Issa breaks down in “Hella Disrespectful,” but before she does, she tries to make some things right. She patches things up with Frieda, her friend and coworker who challenged her to make We Got Y’all more inclusive. This is successful on their level, but when she approaches Principal Gaines, he accuses her of using an “All Lives Matter” tactic, then distastefully jokes that “no one is dead,” as if Issa’s persistence is in vain.
Then, Daniel tries apologizing for busting in her face, only to take it back by suggesting that they’re even now. “You’re saying you were trying to get back at me? You did this on purpose, on some fucked up revenge shit?” Issa accuses. “It’s not that deep...I’m just saying...now you know how I felt.” Hmm—"itch I needed to scratch” versus human baby-making fluid on the face and eye—that seems like a rough comparison. Issa tells him to never hit her up again.Yet, Issa’s worst blow comes from Lawrence himself, who not only brings new boo to the party, but he curses out Issa in the process. After going a whole season without saying more than a few words to each other, their first true interaction post break-up and post confusing-10 second-fuck is...horrible. They manage to say almost everything they’ve held inside in less than 2 minutes: Issa brings up him blocking her, fucking her while dating Tasha, Woot Woot and supporting him during his depressing state; Lawrence talks about Issa still fucking Daniel, accuses her of cheating on him with multiple guys and flat out calls her a ho. She is visibly broken by that word: ho, a word she’s been trying to reclaim all season long, used against her by the one person she betrayed. When rolled off her lips, the word is empowering; when it shoots from his mouth, it is filled with disgust, accusal and pain.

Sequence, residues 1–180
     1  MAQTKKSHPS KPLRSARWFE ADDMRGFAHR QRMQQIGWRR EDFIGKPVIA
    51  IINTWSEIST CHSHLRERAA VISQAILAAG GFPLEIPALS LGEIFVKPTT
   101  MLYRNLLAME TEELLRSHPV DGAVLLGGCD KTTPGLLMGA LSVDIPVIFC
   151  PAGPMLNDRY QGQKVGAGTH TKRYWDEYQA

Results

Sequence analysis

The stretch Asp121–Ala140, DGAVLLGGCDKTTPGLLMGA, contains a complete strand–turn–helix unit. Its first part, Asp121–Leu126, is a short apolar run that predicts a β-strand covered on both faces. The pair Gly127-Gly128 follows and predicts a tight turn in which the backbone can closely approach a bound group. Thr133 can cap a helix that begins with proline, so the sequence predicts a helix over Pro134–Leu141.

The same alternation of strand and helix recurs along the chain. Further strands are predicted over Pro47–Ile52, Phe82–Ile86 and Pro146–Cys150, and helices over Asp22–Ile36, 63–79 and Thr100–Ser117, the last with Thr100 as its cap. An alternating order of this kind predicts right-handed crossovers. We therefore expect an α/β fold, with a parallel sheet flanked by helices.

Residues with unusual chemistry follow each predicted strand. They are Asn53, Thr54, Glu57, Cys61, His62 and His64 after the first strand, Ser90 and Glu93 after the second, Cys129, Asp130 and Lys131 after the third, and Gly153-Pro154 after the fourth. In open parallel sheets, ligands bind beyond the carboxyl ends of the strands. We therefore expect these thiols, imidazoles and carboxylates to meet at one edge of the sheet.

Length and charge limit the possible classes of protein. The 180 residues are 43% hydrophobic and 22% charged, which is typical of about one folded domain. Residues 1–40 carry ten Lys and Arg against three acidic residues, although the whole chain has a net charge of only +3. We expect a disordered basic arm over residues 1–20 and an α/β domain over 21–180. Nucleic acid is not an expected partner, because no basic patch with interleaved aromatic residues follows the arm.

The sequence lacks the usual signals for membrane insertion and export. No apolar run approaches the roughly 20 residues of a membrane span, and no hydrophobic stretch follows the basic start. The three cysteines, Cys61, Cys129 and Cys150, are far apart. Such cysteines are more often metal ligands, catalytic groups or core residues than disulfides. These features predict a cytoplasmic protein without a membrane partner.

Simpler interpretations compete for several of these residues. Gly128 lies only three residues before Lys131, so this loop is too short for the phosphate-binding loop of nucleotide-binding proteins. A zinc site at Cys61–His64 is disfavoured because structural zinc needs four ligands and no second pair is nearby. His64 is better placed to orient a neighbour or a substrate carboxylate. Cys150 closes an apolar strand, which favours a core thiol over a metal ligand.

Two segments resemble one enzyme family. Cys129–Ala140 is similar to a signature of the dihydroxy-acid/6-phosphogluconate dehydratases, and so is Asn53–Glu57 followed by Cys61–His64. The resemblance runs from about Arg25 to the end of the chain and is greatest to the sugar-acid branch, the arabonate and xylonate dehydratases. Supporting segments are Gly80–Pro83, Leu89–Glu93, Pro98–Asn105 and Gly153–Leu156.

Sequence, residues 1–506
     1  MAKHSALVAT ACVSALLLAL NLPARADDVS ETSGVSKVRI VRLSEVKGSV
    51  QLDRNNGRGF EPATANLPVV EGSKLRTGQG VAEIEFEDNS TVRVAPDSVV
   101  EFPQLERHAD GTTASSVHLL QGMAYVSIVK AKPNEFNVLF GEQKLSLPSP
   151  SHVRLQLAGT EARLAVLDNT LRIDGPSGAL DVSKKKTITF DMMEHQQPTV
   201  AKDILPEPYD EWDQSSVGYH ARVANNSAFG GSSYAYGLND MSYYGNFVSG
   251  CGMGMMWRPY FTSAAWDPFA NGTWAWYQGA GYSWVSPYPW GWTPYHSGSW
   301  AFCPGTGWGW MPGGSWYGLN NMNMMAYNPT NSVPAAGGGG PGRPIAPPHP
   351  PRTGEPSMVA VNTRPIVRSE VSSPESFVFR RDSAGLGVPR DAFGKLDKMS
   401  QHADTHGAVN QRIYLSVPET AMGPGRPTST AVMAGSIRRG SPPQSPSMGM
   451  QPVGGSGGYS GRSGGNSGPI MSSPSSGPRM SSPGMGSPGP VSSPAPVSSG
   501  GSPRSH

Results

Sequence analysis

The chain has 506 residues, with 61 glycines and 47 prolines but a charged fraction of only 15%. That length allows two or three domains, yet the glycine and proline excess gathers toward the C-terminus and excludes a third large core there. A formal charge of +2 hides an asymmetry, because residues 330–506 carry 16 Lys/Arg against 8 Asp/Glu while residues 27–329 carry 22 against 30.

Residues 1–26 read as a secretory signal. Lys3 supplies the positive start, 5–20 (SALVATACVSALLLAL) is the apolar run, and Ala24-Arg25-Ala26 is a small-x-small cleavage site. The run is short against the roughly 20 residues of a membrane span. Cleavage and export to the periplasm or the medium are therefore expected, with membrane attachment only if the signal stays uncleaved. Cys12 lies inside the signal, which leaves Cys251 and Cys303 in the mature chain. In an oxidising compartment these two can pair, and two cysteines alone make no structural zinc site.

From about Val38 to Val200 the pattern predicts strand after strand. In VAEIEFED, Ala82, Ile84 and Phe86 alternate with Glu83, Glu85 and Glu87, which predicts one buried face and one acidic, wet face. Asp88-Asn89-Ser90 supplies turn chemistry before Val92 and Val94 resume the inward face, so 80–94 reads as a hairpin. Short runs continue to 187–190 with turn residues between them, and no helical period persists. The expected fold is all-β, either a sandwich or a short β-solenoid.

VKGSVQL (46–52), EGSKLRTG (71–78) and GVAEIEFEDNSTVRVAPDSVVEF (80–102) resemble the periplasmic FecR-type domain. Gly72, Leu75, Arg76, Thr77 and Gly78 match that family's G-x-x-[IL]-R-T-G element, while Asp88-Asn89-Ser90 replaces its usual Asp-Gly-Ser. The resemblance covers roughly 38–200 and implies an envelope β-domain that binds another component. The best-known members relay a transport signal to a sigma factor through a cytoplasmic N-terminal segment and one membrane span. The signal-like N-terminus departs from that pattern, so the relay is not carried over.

Women who cheat are judged way harsher than men who cheat. I think of women I know who’ve taken back men who cheat, how our culture basically gives men who cheat a free pass: as if infidelity is written in their DNA. I think of women I’ve known who cheated, and the men who refuse to take them back out of pride, or worse—take them back and never let them live down their mistake, as if a woman cheating is a deformity in our DNA.
Molly struggles with these ideas and more, as her open relationship with a married man parallels the betrayal she feels from her father’s secret infidelity, her mother’s choice to stay, and her personal dreams of true love and commitment. After Molly fucks Dro in the bathroom in the middle of the party, he asks her to wait a few moments before coming out, as he doesn’t want to make it obvious that they were together. This is the defining moment where her relationship with Dro doesn’t feel like a polyamorous fling: it resembles an affair, the warning a man gives a side piece before stepping back into his reality.
There’s a moment of silent caretaking in this episode exchanged between Molly and Issa. They continue to prove that, even when they get on each other’s nerves, or judge one another’s decisions, they always have each other’s back. They always know when the other is hurting, as if they speak a secret language. The two women stand outside the bathroom, fixing each other up. Issa shuffles Molly’s bangs, straighten her dress. Molly, noticing the tag hanging from the side of Issa’s outfit, lovingly yanks it off. “I was gonna return that,” Issa mumbles. Molly hands the tag back to her. If only we could return painful memories, fucked up words and awful dinner parties just as easily.